A few days of the ceasefire in Afghanistan ended with a horrific blast, and two days after the Taliban signed a peace deal with Washington, they ordered their fighters to resume operations against Afghan forces.
No one has claimed responsibility for the attack on a football ground in eastern Khost province, killing 3 brothers, officials said.
The explosion occurred when the Taliban ordered their fighters to launch attacks against the Afghan army and police forces, apparently the culmination of an official level 'violence reduction' deal.
The temporary agreement between the US, the Taliban and the Afghan forces lasted for a week, which resulted in the signing of the agreement between the United States and the Taliban on Saturday in Doha.
Taliban spokesman Zabihullah Mujahid told AFP that "the reduction in violence is now over and our operations will continue as usual."
"According to the US Taliban agreement, our mujahideen will not attack foreign forces, but our operations will continue against the forces of the Kabul administration," he said.
According to documents provided by AFP by a Taliban leader, the Taliban's military commission issued instructions to fighters to resume operations.
Shortly afterwards, the commander of the Afghan army said that the Taliban were attacking military installations in the northwestern province of Baghdis, killing at least one soldier.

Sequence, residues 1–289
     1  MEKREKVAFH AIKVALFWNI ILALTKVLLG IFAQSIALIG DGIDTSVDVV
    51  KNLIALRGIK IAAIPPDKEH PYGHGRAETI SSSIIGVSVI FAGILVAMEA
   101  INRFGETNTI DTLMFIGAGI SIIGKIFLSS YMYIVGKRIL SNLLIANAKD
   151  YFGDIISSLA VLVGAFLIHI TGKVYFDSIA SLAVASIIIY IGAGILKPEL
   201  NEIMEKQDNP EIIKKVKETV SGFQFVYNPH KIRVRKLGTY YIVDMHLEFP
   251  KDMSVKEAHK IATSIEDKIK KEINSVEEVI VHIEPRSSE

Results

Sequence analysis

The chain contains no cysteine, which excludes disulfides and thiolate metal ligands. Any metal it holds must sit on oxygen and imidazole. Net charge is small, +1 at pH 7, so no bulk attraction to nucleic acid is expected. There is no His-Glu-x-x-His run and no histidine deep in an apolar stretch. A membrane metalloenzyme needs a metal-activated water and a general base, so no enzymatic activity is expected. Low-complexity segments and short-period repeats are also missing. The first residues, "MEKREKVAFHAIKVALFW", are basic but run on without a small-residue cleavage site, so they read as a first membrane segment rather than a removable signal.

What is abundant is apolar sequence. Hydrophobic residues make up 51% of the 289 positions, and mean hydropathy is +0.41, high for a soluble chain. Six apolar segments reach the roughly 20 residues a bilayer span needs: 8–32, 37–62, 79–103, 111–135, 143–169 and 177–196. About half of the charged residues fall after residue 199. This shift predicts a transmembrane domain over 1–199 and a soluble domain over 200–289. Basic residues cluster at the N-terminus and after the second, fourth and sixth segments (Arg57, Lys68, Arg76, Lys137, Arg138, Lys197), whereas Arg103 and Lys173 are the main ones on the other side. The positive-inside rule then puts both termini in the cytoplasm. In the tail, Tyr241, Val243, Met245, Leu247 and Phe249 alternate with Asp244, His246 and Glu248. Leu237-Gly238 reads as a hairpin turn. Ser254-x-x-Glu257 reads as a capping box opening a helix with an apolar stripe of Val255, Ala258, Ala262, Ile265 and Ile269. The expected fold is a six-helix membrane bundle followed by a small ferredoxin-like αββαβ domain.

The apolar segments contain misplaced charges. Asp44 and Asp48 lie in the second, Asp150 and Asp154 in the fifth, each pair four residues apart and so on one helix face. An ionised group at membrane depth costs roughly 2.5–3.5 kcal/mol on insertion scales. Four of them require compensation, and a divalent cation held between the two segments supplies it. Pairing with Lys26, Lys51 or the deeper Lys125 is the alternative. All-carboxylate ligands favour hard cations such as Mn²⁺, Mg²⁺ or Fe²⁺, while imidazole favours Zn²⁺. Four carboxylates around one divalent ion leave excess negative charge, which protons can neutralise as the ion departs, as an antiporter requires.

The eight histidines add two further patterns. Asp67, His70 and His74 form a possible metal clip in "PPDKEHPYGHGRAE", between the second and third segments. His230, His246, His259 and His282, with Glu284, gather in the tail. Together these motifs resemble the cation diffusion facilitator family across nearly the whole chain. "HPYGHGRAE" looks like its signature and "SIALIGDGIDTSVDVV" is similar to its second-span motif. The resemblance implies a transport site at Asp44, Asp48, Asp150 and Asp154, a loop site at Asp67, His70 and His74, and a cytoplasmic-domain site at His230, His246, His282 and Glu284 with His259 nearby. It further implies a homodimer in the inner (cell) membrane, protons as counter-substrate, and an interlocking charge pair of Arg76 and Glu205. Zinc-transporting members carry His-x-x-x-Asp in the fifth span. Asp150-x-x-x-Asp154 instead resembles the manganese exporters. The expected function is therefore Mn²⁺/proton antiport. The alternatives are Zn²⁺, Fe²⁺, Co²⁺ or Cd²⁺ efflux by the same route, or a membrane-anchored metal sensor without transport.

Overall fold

Afghan President Ashraf Ghani said he would continue the temporary agreement until the start of talks between Afghan officials and the Taliban, which will likely take place on March 10, but rejected the prisoners' transfer agreement.
Defense Ministry spokesman Fawad Amani said that the government was "now witnessing whether the agreement has been terminated".
Washington previously said they hoped the Taliban would continue to reduce violence until the beginning of inter-Afghan talks.
"The reduction in violence is for encouragement, we are serious about our objections and hope that the Taliban will be serious about their objections," said Scott Miller, commanding general of US forces in Afghanistan.
"America has a clear stand on its hopes, violence should be curtailed," he said.
Be aware that the US had previously said that if their Afghan partners were attacked they would defend it.